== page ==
Feed Management for Indigenous Chicken Farming!

Indigenous Chicken நாட்டுக்கோழி

Article Published in May 2017

Indigenous chicken farming is emerging as a lucrative self-employment opportunity. With increasing demand for indigenous chicken eggs and meat, the market potential for this business is growing significantly. Efficient feed management is crucial, as 60-70% of poultry farming expenses are related to feed. Providing the right nutrients at various stages of growth can enhance production and profitability.

Essential Nutrients in Feed

The feed for indigenous chickens should contain carbohydrates, proteins, fibers, fats, minerals, and vitamins in appropriate proportions.

Nutritional Components in Feed Ingredients

  • Carbohydrates: Found in maize, millet, sorghum, and rice.
  • Proteins: Found in soybean meal, groundnut meal, and sunflower meal.
  • Fibers: Found in rice bran and wheat bran.
  • Calcium and Protein: Found in fish meal.
  • Calcium and Phosphorus: Found in dicalcium phosphate.
  • Calcium: Found in calcite and shell grit.

Feed Management Based on Farming Method

Indigenous chickens are raised in free-range systems or intensive farming systems.

Free-Range Feed Management: In free-range farming, feed management is less emphasized. Chickens consume grains such as rice, sorghum, millet, along with grass, insects, and leftover kitchen vegetables and greens. This method does not provide all essential nutrients, leading to reduced productivity. Supplementing with a balanced diet that includes all necessary nutrients can enhance egg production and weight gain in meat birds.

  • Balanced Diet: Provide 50-60 grams of balanced feed per bird per day.
  • High Protein Feed: Incorporate high-protein feeds like Azolla, which is rich in calcium and beneficial for laying hens.
  • Tuber Supplementation: Mix 10% dried tuber chips into the feed.
  • Homemade Bran: Produce and add homemade bran to reduce costs.

Intensive Farming Feed Management: In commercial intensive farming, feed management is critical to ensure profitability. Adjust feed composition according to the chickens’ growth stages – chicks, growing chickens, and laying hens.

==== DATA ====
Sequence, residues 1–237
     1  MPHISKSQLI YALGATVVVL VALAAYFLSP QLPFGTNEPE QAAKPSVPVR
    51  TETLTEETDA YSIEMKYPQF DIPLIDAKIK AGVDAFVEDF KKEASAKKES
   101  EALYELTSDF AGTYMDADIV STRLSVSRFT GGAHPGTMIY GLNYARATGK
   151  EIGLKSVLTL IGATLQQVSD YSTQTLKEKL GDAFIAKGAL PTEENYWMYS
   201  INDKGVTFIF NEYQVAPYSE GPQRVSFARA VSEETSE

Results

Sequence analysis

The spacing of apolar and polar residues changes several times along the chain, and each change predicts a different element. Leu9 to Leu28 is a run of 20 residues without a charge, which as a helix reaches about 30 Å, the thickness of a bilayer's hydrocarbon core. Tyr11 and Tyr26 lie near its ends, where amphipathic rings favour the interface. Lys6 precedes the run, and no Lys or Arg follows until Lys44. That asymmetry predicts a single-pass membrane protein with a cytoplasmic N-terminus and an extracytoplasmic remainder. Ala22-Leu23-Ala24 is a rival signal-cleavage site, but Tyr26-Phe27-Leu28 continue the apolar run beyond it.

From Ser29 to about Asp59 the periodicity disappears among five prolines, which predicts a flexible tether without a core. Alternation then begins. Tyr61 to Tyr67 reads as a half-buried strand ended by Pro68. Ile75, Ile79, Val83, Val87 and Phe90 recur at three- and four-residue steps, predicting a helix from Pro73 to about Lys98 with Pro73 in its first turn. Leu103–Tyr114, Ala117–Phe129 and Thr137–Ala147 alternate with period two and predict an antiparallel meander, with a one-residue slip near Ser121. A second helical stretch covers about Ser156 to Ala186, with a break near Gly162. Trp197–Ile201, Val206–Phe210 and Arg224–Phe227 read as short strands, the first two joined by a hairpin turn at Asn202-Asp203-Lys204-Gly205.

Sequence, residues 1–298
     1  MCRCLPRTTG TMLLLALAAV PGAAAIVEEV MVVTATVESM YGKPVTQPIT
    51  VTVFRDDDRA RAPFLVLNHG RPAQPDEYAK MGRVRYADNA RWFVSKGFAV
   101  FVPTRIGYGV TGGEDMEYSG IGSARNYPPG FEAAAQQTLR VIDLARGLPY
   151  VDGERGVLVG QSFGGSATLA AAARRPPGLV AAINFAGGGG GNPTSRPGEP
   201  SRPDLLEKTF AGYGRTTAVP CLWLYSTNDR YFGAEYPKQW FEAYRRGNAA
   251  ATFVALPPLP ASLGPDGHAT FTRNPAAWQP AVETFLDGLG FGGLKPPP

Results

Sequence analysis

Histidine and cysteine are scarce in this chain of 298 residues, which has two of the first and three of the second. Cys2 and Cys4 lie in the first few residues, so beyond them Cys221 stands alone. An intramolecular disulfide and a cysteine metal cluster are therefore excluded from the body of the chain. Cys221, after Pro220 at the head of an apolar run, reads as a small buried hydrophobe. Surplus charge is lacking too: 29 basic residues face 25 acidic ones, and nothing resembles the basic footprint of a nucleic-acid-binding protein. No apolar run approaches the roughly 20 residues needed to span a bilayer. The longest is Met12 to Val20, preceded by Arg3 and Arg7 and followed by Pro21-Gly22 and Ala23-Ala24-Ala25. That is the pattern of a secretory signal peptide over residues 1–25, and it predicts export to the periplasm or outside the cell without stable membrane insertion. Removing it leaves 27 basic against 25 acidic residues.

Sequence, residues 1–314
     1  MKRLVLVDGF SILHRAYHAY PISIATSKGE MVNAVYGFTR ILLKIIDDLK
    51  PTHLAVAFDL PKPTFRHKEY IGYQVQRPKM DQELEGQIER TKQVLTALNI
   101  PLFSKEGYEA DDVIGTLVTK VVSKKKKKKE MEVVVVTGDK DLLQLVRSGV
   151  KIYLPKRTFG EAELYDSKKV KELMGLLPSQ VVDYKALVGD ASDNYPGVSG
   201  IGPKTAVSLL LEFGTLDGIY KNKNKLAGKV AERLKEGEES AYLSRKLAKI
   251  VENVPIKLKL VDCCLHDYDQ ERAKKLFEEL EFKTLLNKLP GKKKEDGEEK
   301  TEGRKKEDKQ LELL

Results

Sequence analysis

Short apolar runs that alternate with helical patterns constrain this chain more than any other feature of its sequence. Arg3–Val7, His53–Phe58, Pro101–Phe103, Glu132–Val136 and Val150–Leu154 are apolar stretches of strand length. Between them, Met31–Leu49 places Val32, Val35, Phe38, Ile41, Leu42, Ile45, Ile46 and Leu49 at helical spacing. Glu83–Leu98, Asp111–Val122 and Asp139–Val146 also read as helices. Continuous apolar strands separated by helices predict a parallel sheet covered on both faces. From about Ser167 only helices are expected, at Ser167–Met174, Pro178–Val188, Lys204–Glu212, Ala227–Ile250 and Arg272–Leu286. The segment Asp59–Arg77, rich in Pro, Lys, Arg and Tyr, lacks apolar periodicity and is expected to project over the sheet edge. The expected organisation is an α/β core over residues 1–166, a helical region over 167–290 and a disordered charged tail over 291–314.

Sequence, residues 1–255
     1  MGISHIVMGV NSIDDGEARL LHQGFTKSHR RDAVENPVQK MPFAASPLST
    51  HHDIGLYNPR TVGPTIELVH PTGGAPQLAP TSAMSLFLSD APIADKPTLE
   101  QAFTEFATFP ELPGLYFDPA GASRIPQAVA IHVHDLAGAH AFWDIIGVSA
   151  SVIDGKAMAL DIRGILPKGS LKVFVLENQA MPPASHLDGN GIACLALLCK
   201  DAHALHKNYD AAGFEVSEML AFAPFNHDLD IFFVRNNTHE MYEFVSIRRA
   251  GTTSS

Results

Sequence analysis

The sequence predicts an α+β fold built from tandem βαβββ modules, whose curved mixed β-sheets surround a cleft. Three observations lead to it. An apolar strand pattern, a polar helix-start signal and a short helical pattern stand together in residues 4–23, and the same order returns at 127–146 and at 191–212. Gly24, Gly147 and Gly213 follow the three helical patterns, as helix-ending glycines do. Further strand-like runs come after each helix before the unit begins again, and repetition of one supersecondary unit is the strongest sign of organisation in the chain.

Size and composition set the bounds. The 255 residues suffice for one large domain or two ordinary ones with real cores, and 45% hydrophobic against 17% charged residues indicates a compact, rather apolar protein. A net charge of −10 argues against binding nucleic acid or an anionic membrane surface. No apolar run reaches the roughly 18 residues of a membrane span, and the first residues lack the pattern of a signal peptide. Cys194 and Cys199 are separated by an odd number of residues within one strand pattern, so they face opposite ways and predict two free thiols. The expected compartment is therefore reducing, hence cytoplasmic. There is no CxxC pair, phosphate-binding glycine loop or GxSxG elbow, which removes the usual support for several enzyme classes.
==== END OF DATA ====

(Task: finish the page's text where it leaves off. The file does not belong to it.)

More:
Feed for Chicks:

  • High in protein and low in fiber.
  • Start feeding chicks immediately after hatching to ensure optimal growth and disease resistance.

Feed for Growing Chickens:

  • Lower protein content and higher fiber content compared to chick feed.

Feed for Laying Hens:

  • High fiber content with a calcium to phosphorus ratio of 2:1.

Sample Feed Composition

Growing Chickens (up to 8 weeks):

  • Grains (maize, millet, sorghum, wheat): 53%
  • Soybean meal or groundnut meal: 28%
  • Rice or wheat bran: 10%
  • Fish meal: 5%
  • Dicalcium phosphate (DCP): 1%
  • Calcite: 1%
  • Mineral mix: 2%

Laying Hens (9-22 weeks):

  • Grains (maize, millet, sorghum, wheat): 53%
  • Soybean meal or groundnut meal: 23%
  • Rice or wheat bran: 15%
  • Fish meal: 6%
  • DCP: 1%
  • Calcite: 1%
  • Shell grit: 1%
  • Mineral mix: 2%

Laying Hens (23 weeks and older):

  • Grains (maize, millet, sorghum, wheat): 54%
  • Soybean meal or groundnut meal: 20%
  • Rice or wheat bran: 13%
  • Fish meal: 5%
  • DCP: 1%
  • Calcite: 1%
  • Mineral mix: 2%

Tips for Effective Feed Management

  • Ensure feed ingredients are free from contaminants and well-dried (moisture content < 10%).
  • Prepare feed in small batches to maintain freshness.
  • Adjust feed amounts based on the number of chickens (1 feeder for every 50 chickens).
  • Split daily feed into 2-3 portions.
  • Feed chicks 10-30 grams, growing chickens 40-60 grams, and laying hens 90-110 grams per day.
  • Periodically analyze feed ingredients and feed for nutritional content and contaminants to prevent losses.

By following these feed management practices, poultry farmers can significantly enhance the productivity and profitability of their indigenous chicken farming operations.


Dr. V. Kumaravel, Dr. S. Senthoorkumaran, Agricultural Science Center, Kunrakudi – 630 206.

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